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Over nine million cows are used for dairy production in the United States alone. Cows need to be pregnant or nursing to produce milk, just like us humans and well, any other mammal. Cows are not the exception. Therefore, every year, cows are impregnated. After a nine month gestation period, the calves are stolen from their crying mothers, so their milk can be used as a consumable human health hazard.

At least these cows get to live out their whole lives, right? Wrong. Cows typically live three to five years before their dairy production declines and they are sent off for cheap hamburger meat.

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5. Meat Industry

There isn’t enough space on One Green Planet’s website to completely depict the harm animals experience in today’s meat industry. Over nine to ten billion animals are slaughtered for the high demand of meat every year in the United States alone.

6. Oil Industry

According to the New York Times, the 2010 oil spill was responsible for the deaths of over 7,000 birds, dolphins, and sea turtles. This is only one example. Oil can affect the insulating abilities of animals such as sea otters. It can clog the pores of dolphins, whales, and manatees. Oil can destroy the waterproof properties of birds’ feathers, impacting their ability to fly and float. It can also be absorbed in an animal’s skin and cause chemical burns.

7. Animal Entertainment

Zoos, aquariums, animal circuses, and many theme parks are commercial practices that support the exploitation of animals. If you believe you love animals, these are places you have probably visited to see and connect with animal friends. Maybe we need to reconsider what it means to really love animals. Documentaries such as Blackfish and Earthlings offer examples of captive animal cruelty.

8. Fishing Industry

Worldwide fishing industries are some of the most wasteful commercial practices, with up to 40 percent of fish caught and killed being discarded as by-catch. By-catch may also include sea turtles, whales and dolphins, seabirds, and any other animal that gets trapped in massive nets. Let’s stick with “Fish are friends, not food.”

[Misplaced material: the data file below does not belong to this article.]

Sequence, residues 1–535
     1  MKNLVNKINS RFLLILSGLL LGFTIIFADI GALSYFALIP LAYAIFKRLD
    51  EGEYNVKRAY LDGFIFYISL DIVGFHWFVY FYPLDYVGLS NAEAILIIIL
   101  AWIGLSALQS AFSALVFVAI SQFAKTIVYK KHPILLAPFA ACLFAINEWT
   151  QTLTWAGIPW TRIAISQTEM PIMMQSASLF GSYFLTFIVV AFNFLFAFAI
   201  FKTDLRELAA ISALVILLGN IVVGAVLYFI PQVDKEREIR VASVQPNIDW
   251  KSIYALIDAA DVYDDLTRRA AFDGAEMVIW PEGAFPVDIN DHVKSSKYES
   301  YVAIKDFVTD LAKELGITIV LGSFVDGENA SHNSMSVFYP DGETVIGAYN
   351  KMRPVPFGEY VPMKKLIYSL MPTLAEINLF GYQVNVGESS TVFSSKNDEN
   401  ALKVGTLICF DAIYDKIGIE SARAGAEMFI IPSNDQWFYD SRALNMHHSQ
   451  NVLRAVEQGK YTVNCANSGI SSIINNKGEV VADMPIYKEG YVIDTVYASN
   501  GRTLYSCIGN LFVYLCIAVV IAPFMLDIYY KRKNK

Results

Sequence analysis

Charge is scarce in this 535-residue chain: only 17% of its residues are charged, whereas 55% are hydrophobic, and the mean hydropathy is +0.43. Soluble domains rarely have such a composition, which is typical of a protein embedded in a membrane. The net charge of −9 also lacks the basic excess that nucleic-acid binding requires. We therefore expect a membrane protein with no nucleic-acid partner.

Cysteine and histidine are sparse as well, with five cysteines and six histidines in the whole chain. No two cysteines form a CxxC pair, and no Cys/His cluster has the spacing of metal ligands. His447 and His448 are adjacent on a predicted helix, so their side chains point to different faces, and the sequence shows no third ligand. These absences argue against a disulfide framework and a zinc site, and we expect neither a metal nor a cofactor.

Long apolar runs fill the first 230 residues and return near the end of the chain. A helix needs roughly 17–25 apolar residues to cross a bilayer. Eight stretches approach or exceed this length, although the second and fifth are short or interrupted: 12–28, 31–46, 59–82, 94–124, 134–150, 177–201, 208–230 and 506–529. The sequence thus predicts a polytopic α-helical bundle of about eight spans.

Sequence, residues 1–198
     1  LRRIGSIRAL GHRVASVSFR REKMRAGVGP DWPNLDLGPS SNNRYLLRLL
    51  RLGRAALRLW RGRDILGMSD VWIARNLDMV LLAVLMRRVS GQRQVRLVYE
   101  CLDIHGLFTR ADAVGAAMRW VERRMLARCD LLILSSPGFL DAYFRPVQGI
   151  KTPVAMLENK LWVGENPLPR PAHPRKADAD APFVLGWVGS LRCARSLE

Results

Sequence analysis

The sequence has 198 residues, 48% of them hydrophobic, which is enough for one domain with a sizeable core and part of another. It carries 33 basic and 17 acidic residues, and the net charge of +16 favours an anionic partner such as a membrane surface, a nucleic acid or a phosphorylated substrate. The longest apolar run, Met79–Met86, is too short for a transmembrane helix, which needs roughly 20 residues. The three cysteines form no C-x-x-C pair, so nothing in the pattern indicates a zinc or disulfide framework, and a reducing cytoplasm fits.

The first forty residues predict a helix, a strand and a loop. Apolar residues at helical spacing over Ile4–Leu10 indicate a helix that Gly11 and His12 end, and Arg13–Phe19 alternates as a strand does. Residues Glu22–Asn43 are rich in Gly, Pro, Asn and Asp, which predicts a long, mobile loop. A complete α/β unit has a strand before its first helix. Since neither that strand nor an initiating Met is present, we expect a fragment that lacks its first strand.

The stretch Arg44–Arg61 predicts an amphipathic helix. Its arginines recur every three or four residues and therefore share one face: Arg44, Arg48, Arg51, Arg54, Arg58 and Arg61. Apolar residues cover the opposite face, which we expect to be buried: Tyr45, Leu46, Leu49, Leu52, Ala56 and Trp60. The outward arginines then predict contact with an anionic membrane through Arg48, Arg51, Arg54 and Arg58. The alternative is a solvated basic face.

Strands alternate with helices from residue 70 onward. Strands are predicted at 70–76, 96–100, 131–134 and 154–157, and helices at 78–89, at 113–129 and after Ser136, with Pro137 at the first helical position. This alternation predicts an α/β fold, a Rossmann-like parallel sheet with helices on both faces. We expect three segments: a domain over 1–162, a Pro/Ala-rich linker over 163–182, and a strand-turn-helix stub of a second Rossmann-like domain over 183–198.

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9. Cosmetics Industry

It is estimated that over 100 million animals are used for cosmetic testing every year. Species typically used include mice, rats, guinea pigs, rabbits, pigs and other farm animals, dogs, cats, and non-human primates. Animals are not only confined to artificial environments; they are subject to often excruciatingly painful procedures.

10. Soy Production

OK, so now that you’ve stopped eating meat. Soy is a cruelty-free product, right? Not quite. About 80 percent of the world’s soy is grown in the United States, Brazil, and Argentina. Deforestation for soy production threatens biodiversity and many endangered species. Approximately 47 percent of soy is consumed by livestock as cheap feed in place of grass.

You Have the Power to Change

Now, imagine you come home at the end of the day and you read about your day’s decisions. Imagine that you start to think about what you support and consume, and how it may affect others. Imagine you act upon your new level of awareness and your new choices benefit other animals, yourself, and the environment. Imagine how that makes you feel.

Image source: Nonie/Wikimedia Commons